The office of Dr. Marcia Lyles is not for show; it’s for work. Which is why this “Hanging Out With” feature doesn’t take place in the customary café or watering hole. Lyles is pretty busy. The opened files on her desk bespeak a person who has her nose to the grindstone. The walls display photographs and honors, symbols of accomplishment that add to the sense that Lyles is not only cutting a new path but building on what has been accomplished in the past.
A confirmed Trekkie, she is the owner of two Star Trek Pez gift sets, which have pride of place in her office.
For Lyles, who was named superintendent of the Jersey City school district in 2012, the job is mentally and physically demanding.
“I try to put my foot in every school,” she says. This “meaningful experience” allows her to gain firsthand knowledge of the successes each school has enjoyed and the challenges each one faces.
Lyles is a big promoter of the community-school concept, which she says provides an important learning environment in which parents, teachers, and administrators all play a role—support the whole child by working with parents.
Lyles believes in small learning communities within large public schools, allowing for personalized learning that creates a bond between students and teachers.
She developed the concept as a high-school principal in New York City and has brought it to Jersey City.
While smaller high schools don’t need such programs, larger ones do, becoming self-contained schools within schools. Examples include an entire floor of Dickinson High School, and a wing at Ferris High School.
Many schools develop their own niches, focusing on specific themes, such as PS 20, which has a strong literary emphasis.
“When I go into a school, I generally ask who they are,” Lyles says, noting that the answers often define the goals and aspirations of a community and how it sees itself.
Some schools need more attention than others.
Historically, PS 15 in the southwest section of the city has faced significant challenges. Ninety-five percent of students qualify for the free or subsidized lunch programs, which means they are at or below federal poverty levels.
“This poses some great challenges,” Lyles says.
Parents and Peers
Her philosophy of teaching the whole child encompasses the belief that all children are created equal; she makes a point of listening to everyone, from educators to parents and grandparents. She has enormous respect for grandparents who raise their grandchildren.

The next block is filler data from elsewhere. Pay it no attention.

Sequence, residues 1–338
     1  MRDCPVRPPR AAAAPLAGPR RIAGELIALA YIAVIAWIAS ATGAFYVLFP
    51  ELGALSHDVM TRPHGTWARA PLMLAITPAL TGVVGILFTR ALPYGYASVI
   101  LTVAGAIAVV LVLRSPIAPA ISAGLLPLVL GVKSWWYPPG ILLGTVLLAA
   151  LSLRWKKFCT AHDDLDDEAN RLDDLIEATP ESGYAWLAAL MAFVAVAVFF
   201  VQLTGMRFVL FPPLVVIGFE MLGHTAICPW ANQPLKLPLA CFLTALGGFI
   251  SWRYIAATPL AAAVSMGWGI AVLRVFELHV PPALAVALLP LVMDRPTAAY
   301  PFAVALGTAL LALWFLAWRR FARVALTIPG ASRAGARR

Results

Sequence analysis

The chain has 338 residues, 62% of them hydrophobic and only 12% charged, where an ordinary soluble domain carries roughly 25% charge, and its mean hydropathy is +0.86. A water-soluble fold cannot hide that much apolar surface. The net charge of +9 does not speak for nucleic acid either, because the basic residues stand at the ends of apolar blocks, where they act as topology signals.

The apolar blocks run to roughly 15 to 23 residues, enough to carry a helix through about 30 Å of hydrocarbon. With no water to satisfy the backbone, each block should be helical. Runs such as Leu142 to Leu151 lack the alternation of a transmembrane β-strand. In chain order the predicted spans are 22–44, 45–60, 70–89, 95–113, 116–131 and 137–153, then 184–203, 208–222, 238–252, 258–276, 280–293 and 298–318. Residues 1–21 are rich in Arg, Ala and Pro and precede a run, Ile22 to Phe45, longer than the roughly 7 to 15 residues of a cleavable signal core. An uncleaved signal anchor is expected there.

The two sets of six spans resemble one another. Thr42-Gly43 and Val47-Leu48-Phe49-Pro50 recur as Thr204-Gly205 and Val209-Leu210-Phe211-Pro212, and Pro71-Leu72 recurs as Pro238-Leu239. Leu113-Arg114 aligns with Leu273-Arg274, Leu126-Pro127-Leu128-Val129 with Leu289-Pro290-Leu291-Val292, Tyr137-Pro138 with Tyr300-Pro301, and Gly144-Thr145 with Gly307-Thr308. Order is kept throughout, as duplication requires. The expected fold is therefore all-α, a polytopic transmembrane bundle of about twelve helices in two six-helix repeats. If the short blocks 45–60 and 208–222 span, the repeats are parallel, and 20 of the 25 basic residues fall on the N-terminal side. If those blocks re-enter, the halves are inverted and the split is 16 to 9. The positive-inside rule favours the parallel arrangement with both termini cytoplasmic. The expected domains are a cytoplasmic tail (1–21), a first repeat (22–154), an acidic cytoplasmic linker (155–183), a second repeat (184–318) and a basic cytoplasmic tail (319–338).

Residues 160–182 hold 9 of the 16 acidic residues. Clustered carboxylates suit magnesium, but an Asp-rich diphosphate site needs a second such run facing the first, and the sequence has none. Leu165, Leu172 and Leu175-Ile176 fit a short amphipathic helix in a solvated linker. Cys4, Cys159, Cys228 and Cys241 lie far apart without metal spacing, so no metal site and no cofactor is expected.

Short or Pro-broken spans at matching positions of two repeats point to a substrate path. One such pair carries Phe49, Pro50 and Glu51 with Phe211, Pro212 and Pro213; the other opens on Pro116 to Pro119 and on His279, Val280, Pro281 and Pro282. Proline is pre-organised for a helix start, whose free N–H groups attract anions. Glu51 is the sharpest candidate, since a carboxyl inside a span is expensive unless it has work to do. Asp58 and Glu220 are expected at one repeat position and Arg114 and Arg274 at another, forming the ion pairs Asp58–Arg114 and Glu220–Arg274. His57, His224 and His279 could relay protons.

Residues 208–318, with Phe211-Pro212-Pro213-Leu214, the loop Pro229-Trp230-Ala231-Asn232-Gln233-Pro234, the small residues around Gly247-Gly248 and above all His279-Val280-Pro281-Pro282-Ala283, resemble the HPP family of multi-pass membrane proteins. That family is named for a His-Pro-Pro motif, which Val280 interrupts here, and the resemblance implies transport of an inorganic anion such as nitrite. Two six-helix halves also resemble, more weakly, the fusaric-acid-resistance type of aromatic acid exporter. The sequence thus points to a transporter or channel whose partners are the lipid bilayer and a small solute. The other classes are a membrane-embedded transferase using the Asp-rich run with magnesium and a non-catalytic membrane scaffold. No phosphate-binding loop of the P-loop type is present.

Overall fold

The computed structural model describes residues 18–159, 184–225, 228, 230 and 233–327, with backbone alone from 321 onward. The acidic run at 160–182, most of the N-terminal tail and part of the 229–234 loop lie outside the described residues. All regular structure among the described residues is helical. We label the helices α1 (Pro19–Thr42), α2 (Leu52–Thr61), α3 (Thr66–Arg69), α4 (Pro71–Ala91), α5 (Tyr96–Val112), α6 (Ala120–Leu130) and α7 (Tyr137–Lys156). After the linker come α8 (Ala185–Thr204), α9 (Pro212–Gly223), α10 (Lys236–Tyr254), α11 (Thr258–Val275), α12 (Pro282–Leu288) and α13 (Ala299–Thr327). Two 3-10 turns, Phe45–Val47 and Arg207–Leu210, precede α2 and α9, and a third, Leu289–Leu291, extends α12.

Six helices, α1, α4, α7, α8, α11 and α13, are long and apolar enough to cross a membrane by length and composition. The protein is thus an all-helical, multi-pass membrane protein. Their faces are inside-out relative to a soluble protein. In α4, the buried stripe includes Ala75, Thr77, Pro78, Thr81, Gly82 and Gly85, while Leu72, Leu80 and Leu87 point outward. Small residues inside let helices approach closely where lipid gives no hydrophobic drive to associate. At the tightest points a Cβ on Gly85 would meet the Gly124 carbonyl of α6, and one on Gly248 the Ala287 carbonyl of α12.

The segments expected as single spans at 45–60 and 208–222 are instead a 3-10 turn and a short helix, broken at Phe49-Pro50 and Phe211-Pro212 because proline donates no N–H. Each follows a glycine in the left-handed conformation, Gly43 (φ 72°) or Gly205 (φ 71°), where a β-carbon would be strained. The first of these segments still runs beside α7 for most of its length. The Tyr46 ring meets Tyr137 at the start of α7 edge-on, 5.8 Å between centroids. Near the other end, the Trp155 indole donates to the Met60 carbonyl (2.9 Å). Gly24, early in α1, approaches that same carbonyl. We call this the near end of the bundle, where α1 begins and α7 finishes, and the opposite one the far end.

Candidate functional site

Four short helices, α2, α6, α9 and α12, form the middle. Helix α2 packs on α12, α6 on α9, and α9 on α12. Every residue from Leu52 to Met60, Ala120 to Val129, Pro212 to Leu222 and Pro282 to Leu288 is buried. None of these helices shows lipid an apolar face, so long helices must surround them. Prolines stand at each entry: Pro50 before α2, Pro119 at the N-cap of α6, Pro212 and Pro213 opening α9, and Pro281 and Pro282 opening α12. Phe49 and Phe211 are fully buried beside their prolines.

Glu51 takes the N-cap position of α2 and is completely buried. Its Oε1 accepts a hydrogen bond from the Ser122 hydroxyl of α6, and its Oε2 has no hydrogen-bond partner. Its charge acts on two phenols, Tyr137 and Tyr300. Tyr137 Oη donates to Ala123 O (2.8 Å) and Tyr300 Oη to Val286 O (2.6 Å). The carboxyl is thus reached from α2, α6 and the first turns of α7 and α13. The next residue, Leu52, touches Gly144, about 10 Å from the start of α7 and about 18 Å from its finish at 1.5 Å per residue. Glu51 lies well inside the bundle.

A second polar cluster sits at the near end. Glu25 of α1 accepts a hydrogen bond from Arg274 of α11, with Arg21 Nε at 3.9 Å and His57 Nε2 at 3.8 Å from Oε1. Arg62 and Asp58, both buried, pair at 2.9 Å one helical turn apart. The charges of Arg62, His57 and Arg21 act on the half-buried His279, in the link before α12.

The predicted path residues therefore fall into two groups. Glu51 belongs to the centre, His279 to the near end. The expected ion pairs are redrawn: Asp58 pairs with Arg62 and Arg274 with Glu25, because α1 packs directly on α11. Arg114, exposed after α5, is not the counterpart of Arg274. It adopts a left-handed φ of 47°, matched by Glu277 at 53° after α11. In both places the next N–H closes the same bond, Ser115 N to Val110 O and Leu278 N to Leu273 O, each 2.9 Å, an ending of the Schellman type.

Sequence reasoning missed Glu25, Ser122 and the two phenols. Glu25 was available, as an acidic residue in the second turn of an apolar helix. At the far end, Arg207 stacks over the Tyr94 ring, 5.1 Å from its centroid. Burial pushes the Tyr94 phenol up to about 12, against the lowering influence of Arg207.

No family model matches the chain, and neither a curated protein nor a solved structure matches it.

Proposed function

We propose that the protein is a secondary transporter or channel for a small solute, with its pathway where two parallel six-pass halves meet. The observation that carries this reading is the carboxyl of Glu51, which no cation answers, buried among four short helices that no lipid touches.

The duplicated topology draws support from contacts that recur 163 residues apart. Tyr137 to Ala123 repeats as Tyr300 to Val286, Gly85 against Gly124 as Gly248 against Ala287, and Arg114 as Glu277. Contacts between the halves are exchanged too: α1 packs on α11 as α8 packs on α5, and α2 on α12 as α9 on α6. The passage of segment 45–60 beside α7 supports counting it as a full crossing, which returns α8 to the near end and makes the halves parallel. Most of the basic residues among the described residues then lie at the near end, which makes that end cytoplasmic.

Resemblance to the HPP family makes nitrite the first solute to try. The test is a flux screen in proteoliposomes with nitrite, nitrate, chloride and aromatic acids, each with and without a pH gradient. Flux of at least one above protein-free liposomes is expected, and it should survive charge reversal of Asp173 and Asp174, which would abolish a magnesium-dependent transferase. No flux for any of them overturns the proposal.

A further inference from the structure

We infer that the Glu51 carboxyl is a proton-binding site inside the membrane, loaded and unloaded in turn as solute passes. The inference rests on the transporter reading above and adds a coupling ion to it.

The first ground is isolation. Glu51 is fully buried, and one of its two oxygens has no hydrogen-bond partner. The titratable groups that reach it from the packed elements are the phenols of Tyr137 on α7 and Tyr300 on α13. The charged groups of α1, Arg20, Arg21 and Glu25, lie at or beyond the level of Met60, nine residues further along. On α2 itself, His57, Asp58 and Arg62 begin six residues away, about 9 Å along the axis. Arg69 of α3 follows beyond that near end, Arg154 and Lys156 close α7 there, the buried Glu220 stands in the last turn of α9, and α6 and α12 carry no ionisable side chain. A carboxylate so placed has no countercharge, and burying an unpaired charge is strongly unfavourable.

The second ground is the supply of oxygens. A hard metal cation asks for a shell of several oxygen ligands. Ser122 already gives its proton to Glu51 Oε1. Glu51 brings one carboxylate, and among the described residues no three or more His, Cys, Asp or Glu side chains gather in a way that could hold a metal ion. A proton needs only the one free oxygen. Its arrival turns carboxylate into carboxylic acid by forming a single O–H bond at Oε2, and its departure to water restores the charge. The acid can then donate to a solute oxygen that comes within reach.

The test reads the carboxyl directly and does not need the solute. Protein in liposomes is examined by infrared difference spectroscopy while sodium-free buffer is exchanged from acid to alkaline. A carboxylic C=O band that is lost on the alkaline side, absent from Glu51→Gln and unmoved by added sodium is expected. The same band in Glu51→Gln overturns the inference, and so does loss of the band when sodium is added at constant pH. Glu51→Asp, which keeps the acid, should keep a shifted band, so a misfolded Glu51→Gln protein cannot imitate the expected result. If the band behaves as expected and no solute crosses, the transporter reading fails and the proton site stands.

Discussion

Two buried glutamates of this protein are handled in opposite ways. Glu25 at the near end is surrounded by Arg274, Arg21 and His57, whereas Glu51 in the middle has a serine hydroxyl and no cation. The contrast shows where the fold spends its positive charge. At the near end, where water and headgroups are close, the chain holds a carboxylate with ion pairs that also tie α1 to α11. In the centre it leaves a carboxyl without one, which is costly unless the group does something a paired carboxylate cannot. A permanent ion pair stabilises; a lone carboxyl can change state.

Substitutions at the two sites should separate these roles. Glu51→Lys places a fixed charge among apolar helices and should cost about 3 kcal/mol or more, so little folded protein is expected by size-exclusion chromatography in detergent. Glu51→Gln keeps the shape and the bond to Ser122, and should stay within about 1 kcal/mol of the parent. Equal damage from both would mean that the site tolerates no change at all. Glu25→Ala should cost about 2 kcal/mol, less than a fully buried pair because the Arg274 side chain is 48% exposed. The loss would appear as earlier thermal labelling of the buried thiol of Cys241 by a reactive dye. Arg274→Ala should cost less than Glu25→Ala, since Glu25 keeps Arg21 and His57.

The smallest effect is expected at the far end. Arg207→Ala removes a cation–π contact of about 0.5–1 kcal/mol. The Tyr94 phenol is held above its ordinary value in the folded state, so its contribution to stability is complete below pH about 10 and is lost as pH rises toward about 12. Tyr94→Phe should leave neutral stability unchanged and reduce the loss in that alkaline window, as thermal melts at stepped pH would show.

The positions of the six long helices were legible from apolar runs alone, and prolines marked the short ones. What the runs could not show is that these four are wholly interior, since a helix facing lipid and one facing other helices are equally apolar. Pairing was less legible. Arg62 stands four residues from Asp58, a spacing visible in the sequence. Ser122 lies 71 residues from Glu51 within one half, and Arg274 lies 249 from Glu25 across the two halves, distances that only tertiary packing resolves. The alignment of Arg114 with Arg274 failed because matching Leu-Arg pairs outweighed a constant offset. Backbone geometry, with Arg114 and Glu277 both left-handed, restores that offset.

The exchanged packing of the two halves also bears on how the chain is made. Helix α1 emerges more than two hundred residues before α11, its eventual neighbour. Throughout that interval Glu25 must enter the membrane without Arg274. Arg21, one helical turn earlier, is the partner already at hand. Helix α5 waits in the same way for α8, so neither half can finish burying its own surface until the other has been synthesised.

“They not only raised their own children, but now are doing it again,” she says. “This is their second time around.”
Lyles often attends parent teacher organization meetings. If she doesn’t, someone from her team does.
She’s also a firm believer in the power of peers and has set up peer groups in Dickenson and Lincoln high schools, where upper class members become mentors for incoming freshmen. Many students struggle with the transition to high school. Peer mentors can help set the tone for the entire high-school experience.
Peer groups teach skills such as conflict resolution and problem solving, which students will need long after they leave high school.
Knowledge is Power
Lyles knows the education system from the bottom up.
She grew up in Harlem, where she attended a public elementary school. When her mother died young, Lyles went to live with relatives, bouncing around the New York City school system, until a teacher inspired her to become a teacher herself. She decided to teach English.
She originally attended Benjamin Franklin High School, largely populated with black and Hispanic students. But like many inner-city schools, it was not challenging. She found she could pass without actually attending classes.
“I was an honor student, but they didn’t expect a lot of me,” Lyles says.
Her aunt asked that she be transferred to Jamaica High School at the end of her sophomore year. Here, she found herself in a school with mostly white students, where she had to work to keep her grades up.
“Jamaica had a different population and different expectations,” she says, noting that she learned a valuable life lesson early on about expectations and access to resources.
“Not all schools are the same,” she says. “Some are not as supportive as others. Students need to have access to resources, and sometimes you have to do more to help them provide that access. Fortunately for me, I did well in school.”
Lyles graduated from Jamaica High School in 1965.
She went on to SUNY Fredonia and then transferred to Hunter College, where she graduated cum laude with a degree in English.
If You Can Make It There…
Lyles went on to teach English at a high school in Manhattan, but was laid off in the 1970s due to budget cuts.
After that she worked at every level of the New York City public school system: English teacher, assistant principal, principal, superintendent, and eventually deputy chancellor. She helped turn around test scores during her term as superintendent in Brooklyn, something she recently achieved in Jersey City as well.
She was also CEO of a school support organization, which may explain her strong belief in the importance of parent-teacher organizations.
“I believe in grassroots and parents who are advocates for their children,” she says, noting that she meets quarterly with parents.
“They tell me how it is,” she says. “No holds barred. It’s a dose of reality when they tell me what’s on their minds.”
Lyles persistently promotes the idea that kids, even in the poorest neighborhoods, can aspire to college—just as she did.
She has always been conscious of the gap between the performance of white students in the school system and students of color.
“Not every student is at the same place,” she says. “Not all get the same level of support, but we have to make sure they get access to resources, which means we have to do more for some students.”—JCM